The South Kalimantan provincial government’s commitment to SISKA expansion was also demonstrated through the allocation of electric fences, funded by the regional budget, that are now allowing the rotational grazing of cattle in SISKA clusters. The provincial government also collaborated with the regional development bank (Kalsel Bank) to provide government-guaranteed loans to the smallholder farmers that has strengthened and grown their cattle businesses. The central government is also supporting SISKA KU INTIP with the provision of quality bulls which are already improving cattle genetics and cattle pregnancy rates.

After only two years SISKA KU INTIP has improved cattle production and beef prices in South Kalimantan, which has led to South Kalimantan receiving various prestigious awards, include one in 2023 for regional inflation control (TPID).

“With SISKA KU INTIP, cattle production costs have become more affordable as cattle can use the feed sources in palm oil plantations. Cattle production is 57% more efficient compared to conventional production, so we can now provide beef below the market price,” – Sahbirin Noor, Governor of South Kalimantan.[3]

Drawing on lessons learnt from South Kalimantan the SSP now also supports SISKA expansion in East Kalimantan, West Kalimantan and Riau.  This includes the delivery of training to develop a competent SISKA workforce, a critical requirement for SISKA expansion. The training is conducted through the Bhakti Surya Training Centre (BSTC), which was established by Buana Karya Bhakti (BKB), a palm oil firm in South Kalimantan, with SSP support. The BSTC is now providing certified SISKA competency training for SISKA operators, supervisors, and managers, smallholder farmers and government officials, as well as on-the-job training and internships for young farmers.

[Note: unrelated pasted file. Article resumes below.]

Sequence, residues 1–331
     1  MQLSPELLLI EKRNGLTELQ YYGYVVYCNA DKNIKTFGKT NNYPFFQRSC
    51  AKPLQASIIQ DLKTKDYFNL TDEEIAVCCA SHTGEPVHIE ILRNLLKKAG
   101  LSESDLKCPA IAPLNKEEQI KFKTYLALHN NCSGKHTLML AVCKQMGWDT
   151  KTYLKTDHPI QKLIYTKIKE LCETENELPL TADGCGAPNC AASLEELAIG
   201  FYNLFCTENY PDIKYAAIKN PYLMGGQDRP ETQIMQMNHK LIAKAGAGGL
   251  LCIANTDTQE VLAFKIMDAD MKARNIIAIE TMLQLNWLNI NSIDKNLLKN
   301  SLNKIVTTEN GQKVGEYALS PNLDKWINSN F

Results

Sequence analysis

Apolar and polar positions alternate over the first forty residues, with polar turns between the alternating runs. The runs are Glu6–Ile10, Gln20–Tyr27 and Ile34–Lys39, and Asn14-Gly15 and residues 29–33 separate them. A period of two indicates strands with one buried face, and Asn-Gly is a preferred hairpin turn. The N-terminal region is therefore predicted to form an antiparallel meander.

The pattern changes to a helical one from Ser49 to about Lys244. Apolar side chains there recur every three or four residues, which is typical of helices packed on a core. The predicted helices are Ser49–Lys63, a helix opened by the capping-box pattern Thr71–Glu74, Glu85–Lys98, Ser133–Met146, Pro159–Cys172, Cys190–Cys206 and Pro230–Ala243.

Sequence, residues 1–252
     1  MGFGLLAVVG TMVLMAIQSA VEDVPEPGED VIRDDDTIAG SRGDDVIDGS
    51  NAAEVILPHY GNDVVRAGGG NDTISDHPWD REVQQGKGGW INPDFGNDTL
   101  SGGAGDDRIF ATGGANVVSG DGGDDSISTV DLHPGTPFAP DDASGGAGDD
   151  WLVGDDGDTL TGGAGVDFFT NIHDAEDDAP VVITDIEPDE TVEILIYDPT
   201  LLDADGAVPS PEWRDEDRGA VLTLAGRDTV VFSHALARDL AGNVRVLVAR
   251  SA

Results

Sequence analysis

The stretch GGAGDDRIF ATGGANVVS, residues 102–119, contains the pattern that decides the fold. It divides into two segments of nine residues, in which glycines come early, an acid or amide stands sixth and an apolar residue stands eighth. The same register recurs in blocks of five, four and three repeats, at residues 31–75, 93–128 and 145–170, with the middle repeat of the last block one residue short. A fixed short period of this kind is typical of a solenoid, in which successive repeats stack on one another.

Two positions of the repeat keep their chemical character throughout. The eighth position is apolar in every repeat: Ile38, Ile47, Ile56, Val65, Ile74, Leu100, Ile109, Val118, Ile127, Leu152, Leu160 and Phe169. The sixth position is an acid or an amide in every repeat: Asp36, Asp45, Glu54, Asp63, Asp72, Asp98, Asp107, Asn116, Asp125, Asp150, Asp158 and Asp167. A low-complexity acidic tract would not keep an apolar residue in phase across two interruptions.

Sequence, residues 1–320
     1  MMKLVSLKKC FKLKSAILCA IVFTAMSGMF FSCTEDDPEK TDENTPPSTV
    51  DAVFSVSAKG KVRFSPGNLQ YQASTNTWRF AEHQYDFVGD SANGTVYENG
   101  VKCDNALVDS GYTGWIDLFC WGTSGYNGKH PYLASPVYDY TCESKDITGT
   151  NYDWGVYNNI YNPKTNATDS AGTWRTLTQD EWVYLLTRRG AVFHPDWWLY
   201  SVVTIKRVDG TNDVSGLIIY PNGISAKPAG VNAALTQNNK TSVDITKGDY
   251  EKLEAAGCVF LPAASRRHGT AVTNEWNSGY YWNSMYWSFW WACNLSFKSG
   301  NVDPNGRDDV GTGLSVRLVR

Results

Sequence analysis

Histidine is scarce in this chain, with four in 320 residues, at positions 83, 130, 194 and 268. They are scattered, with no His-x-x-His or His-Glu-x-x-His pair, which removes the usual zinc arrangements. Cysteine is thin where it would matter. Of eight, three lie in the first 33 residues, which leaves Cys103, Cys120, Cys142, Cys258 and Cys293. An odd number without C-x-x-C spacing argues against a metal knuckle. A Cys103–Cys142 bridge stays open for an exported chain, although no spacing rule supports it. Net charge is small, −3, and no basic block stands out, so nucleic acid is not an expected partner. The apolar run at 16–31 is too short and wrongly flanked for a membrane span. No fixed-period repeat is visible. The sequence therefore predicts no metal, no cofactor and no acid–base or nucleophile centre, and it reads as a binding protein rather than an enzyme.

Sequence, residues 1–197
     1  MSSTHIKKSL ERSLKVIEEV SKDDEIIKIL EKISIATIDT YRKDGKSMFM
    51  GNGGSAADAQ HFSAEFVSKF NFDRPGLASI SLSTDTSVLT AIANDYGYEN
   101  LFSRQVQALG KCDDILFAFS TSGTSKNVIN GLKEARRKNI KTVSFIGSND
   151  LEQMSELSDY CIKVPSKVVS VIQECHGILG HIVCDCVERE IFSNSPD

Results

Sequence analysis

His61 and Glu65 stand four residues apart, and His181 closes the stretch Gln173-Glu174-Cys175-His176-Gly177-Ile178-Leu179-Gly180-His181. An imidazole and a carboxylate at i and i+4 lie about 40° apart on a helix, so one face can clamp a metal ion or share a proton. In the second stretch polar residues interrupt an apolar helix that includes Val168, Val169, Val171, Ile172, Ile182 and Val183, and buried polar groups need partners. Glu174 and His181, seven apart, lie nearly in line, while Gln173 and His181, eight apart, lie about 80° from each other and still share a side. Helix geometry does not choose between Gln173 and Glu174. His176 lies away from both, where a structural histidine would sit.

The SSP also established the SISKA Actors and Observers Association (GAPENSISKA) in 2022, which has a remit to promote SISKA expansion through advocacy to government and through SISKA research and public communications. GAPENSISKA has already collaborated with four provincial governments to develop SISKA Road Maps that are now being used to guide SISKA expansion. Business prospectuses have also been developed that are now facilitating farmer access to financing and new markets.

To date SSP has supported the establishment of 51 smallholder farmer/oil palm firm clusters which are supporting the livelihood of more than 890 farmers who manage more than 7,200 cattle across 123,000 hectares of palm plantation. The growth potential from this very strong base is huge. For example, the Plantation and Livestock Office of South Kalimantan Province noted that, as of July 2023, only 22,501 hectares of oil palm plantation in the province are currently being used for SISKA, whilst the total potential area is 250,000 hectares, which could accommodate 125,000 head of cattle.[4]

“There is the enormous potential for SISKA development to meet the provincial and the wider regional demand for beef, to accelerate beef self-sufficiency, and increase food security. We really hope that SSP can continuously accompany and support us in developing SISKA in South Kalimantan,” – Suparmi, Head of Plantation and Livestock Office of South Kalimantan Province.



[2] Funded, since 2021, by the Australia Partnership on Food Security in the Red Meat and Cattle Sector (Partnership)